By Loraine Kasprzak, MBA
A retired executive who is starting up a new company recently asked me, how does a business owner know if they are getting a return on their marketing investment?
This results-oriented entrepreneur isn’t the only one asking how much advertising, social media, email campaigns, and direct mail will impact his bottom line. Businesses of all sizes – from Fortune 500s to the corner coffee shop – have begun paying more attention to measuring the performance of their marketing programs. They are realizing that analyzing the return on investment (ROI) for marketing can help them prioritize projects and invest their marketing budget more wisely.
Choose the right metrics. A good question to start with is, “Is what I spend on marketing improving my revenue growth and market position?” Answering will give you insight into which performance measurements are most appropriate for your business. You might track, for example, dollars spent per sales leads generated, browser-to-buyer conversion rate, or change in average order size. You should also track revenue to expense ratios, or a similar measurement.
Another tip: you’re better off tracking a few key metrics that you can act on, rather than getting bogged down in data.
Not everything can be immediately measured. Building your brand, for example, isn’t always easily or inexpensively measured. The results from such efforts usually pay off over time as prospects become more aware of what your brand stands for, and are more willing to grant you a sales call or visit your store, website, blog or fan page.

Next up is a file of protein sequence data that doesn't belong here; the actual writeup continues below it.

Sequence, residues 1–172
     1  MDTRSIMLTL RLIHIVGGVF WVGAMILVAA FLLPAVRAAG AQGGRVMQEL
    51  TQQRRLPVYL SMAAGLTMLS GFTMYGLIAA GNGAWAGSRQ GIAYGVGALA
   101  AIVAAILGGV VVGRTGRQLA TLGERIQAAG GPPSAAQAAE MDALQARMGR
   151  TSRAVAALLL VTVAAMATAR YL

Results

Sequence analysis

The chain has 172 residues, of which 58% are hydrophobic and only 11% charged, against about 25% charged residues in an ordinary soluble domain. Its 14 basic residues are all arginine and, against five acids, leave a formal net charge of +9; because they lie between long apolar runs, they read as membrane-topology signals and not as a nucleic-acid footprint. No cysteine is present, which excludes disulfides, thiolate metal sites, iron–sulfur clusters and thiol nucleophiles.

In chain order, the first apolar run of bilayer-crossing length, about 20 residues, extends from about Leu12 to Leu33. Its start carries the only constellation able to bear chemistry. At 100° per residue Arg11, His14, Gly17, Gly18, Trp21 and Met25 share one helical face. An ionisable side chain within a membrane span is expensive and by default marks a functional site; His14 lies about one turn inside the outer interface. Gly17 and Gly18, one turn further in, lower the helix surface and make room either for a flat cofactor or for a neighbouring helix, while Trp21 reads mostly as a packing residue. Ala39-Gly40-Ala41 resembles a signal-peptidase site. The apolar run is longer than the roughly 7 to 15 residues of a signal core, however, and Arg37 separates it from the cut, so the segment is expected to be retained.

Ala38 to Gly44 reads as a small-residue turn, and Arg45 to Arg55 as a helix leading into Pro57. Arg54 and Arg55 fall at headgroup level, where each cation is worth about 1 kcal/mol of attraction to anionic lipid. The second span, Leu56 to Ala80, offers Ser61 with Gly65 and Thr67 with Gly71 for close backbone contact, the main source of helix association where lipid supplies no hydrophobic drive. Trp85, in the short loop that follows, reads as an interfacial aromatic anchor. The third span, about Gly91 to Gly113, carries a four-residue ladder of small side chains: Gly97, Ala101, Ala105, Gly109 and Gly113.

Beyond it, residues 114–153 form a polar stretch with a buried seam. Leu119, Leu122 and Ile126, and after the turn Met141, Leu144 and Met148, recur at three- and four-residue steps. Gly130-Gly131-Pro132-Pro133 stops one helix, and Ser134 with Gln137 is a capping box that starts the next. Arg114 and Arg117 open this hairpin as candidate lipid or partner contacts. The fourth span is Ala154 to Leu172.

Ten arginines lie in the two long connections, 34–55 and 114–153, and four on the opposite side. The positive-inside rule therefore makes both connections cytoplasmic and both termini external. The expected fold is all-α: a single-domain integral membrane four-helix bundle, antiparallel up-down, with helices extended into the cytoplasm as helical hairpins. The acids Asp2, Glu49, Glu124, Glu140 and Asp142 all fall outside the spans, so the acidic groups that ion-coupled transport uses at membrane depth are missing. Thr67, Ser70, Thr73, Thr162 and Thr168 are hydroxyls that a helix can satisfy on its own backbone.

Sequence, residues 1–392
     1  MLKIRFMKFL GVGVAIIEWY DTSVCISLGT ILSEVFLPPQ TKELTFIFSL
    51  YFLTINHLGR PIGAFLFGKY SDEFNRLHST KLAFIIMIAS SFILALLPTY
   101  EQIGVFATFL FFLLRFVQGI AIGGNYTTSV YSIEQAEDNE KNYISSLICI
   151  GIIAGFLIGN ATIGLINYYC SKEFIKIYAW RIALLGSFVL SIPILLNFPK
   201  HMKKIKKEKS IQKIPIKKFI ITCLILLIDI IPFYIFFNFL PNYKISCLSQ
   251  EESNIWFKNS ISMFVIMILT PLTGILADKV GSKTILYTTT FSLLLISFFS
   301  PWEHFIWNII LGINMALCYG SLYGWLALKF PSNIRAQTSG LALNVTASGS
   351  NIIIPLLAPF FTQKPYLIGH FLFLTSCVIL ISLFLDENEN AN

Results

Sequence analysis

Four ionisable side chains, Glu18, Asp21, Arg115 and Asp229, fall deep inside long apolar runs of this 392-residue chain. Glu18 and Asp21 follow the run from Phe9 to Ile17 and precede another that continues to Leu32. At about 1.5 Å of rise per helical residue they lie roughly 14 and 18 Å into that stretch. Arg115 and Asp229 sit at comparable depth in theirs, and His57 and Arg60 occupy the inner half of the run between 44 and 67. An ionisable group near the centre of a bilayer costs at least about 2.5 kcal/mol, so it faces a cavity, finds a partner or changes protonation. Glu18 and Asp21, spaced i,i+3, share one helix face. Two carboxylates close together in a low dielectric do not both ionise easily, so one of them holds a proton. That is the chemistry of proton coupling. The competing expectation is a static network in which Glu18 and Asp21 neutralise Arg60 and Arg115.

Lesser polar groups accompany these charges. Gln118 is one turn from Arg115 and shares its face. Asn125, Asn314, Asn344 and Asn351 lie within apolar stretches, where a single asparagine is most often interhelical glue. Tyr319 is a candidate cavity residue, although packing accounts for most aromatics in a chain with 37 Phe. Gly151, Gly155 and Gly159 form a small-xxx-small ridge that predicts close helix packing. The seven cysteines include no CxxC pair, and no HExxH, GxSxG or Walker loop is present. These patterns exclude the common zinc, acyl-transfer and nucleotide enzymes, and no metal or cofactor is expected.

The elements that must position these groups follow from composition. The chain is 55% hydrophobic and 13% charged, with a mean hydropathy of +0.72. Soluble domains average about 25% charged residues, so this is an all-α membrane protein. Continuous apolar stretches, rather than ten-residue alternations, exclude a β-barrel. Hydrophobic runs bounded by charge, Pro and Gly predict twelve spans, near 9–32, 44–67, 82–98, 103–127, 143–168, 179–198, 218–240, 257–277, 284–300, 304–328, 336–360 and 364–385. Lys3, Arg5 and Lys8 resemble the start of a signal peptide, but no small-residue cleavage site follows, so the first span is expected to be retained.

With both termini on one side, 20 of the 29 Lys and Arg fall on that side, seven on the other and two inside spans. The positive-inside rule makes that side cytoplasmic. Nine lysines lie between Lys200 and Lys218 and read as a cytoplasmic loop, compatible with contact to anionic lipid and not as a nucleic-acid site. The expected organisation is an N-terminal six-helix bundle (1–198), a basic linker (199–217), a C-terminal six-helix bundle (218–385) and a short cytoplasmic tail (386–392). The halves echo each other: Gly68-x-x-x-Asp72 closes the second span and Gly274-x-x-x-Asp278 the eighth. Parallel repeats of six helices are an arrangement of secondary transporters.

Build metrics into your marketing campaign. Branding aside, many marketing tactics do lend themselves to measurement if you plan ahead. A good rule of thumb here is that if you aren’t going to measure it, then don’t do it. For example, if you don’t plan to capture and track the leads that result from a LinkedIn or magazine ad that you want to run, then don’t run it. You’re wasting your money.
Follow through. Communicate with your team so that they are aware of the performance measurements, and agree to a system for tracking relevant data. Let them know how much the campaign depends on their accurate tracking. And when the campaign is completed, share the results with them, to build understanding and goodwill for your next efforts.
Analyze for insight. Review performance against your plan. Did you achieve your targets? Why or why not? If that LinkedIn or magazine ad, for example, didn’t result in any leads, does the ad’s call to action need tweaking? Or perhaps you need to look at a different tactic for reaching that target market. Feed this knowledge back into your marketing planning to help you achieve better results next time.
What metrics do you use to gauge the success of your marketing campaigns? Tell us about them in the Comments section below.
By Loraine Kasprzak, MBA